Monday is Labor Day. It signals the end of summer and for most, an extra long weekend. The holiday also reminds us to stand back and not only appreciate the workers of the world and all that they do, but also appreciate those who have endured the struggle to find work, even when it seemed impossible.
Jackie Solares, program coordinator of St. Vincent de Paul’s Special Ministries to the Homeless , sees about 200 faces come in everyday, looking for help in the job opportunity program.
“People will come in for a shower, sack lunch, change of clothing, and one-on-one interviews with our volunteers,” Jackie said.
Special Ministries helps people find jobs or find a job that is more sustaining to their needs. And, until people can support themselves, Ministries provides everything in between.
“We tell them where to look, we assist them with their resumes, we assist them with setting up a phone or email address so that they can keep in contact with those they send their resumes to,” Jackie said.
Anyone who has searched for jobs can attest that the hunt can be frustrating. It’s the same for the guests. Volunteers are trained to help facilitate this hard process.
“Sometimes some of our volunteers who come in will see the same person over and over, or they’ll look out in the lobby and see the same faces and they start to wonder, ‘Are we really doing anything? We’ve been doing this for a while,’” Jackie said.
It’s hard, sometimes, to see what is keeping some of the guests from being able to sustain themselves, but Jackie pushes for volunteers and Vincentians at Special Ministries to interact with everyone they help. It’s not just about providing clothing and basic needs for the day. It’s about giving them someone to talk to. This way, it becomes easier to help people get out of their rut.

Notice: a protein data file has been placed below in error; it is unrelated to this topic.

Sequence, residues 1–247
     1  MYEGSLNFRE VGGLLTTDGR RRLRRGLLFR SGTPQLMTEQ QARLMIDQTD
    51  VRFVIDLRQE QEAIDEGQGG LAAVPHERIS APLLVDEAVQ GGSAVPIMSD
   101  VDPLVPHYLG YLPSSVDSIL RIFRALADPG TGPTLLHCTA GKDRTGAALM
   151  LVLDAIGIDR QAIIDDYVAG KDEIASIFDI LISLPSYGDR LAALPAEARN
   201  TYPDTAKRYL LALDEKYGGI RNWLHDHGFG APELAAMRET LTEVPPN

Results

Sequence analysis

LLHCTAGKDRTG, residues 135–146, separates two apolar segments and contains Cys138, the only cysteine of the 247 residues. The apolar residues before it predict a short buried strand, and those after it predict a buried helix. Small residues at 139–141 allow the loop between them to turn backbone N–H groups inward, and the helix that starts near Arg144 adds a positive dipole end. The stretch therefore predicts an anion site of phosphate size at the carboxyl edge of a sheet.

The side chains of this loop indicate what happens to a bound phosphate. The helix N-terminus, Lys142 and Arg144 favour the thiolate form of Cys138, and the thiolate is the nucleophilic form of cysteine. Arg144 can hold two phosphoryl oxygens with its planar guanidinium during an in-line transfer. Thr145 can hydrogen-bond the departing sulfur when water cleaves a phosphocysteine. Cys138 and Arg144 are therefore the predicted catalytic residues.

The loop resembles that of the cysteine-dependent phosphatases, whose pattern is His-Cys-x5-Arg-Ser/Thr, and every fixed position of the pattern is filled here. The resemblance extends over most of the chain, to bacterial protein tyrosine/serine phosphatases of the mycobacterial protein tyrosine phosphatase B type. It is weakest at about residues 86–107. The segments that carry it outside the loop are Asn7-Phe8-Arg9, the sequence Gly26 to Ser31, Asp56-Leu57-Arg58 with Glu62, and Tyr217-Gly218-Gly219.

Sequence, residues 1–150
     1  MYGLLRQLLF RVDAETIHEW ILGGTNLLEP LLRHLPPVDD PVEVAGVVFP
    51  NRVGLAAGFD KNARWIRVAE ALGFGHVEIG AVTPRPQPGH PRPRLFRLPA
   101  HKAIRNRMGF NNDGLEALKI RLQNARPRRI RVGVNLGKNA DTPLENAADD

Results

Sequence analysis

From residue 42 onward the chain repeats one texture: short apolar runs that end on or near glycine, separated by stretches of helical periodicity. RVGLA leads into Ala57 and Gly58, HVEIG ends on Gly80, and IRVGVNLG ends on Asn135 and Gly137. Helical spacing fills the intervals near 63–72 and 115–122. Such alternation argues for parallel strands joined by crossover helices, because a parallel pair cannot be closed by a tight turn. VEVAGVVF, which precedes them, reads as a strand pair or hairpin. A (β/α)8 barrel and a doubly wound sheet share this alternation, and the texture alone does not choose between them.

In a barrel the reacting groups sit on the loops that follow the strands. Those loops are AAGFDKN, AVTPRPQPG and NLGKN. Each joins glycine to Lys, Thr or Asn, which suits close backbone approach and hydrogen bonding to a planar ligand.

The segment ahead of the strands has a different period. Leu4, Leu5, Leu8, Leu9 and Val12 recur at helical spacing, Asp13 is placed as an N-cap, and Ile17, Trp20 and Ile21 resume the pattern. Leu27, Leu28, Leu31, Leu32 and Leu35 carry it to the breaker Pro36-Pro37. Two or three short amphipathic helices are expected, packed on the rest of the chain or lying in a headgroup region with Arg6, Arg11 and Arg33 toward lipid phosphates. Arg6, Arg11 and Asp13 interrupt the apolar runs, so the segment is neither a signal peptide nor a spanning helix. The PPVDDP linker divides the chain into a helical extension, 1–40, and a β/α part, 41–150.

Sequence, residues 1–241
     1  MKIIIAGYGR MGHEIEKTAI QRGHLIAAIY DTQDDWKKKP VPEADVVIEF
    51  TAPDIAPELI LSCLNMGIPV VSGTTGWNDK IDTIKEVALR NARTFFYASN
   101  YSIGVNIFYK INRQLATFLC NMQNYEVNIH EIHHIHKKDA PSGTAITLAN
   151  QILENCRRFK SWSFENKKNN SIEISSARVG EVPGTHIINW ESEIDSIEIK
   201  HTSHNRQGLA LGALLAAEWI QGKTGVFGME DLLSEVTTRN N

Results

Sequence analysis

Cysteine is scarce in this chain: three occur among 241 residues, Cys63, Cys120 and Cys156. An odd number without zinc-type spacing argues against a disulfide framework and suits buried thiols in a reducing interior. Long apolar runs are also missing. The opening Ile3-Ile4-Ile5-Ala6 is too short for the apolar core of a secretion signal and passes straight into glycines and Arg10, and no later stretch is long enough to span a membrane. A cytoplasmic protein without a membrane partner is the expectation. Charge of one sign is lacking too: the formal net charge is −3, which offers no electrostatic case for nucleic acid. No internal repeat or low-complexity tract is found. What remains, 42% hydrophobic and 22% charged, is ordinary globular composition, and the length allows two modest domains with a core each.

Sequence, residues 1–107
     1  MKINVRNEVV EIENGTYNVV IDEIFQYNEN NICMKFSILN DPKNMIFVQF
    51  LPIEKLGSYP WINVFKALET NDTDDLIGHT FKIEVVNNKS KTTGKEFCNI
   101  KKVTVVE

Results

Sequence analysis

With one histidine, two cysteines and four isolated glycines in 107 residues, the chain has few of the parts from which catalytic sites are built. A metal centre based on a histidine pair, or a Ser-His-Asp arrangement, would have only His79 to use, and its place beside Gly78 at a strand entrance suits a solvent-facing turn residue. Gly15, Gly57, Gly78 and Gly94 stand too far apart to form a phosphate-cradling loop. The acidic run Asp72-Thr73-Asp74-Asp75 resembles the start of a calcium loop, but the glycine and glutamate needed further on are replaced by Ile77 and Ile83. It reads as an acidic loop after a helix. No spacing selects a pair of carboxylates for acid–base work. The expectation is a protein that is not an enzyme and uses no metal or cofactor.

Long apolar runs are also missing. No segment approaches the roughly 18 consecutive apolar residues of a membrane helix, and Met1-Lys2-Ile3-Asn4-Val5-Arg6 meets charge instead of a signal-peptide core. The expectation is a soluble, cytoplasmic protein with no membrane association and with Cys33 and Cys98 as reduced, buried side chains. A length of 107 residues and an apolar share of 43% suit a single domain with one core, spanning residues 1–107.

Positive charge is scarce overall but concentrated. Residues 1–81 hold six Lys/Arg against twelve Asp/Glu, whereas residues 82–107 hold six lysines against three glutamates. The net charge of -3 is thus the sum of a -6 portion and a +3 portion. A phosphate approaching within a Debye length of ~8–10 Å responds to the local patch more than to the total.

“Recently we had a client who was homeless for 9-10 years,” said Jackie. “He was very young. It just seemed like we weren’t really doing anything for him, but I think that everyday somebody got to know his name and interact with him, finally something just clicked.”
One of the interns at SVdP’s clothing counter figured out that this particular man didn’t have any ID or a birth certificate to get an ID so he was seemingly stuck. Upon hearing this, Jackie pulled together some funds and got the man to do his paperwork. And when it became clear that he needed glasses, Jackie made sure the man was helped at SVdP’s clinic. From there, everything else fell together and the man went through the job program, got a job, and is now moving into his own apartment.
“It was like he got out of this fog and it was just that people paid attention.” Jackie said. “We never lost faith.”
If you’re unable to volunteer during this time, consider putting together a drive for tennis shoes and backpacks. Even the smallest project or bit of help can go a long way!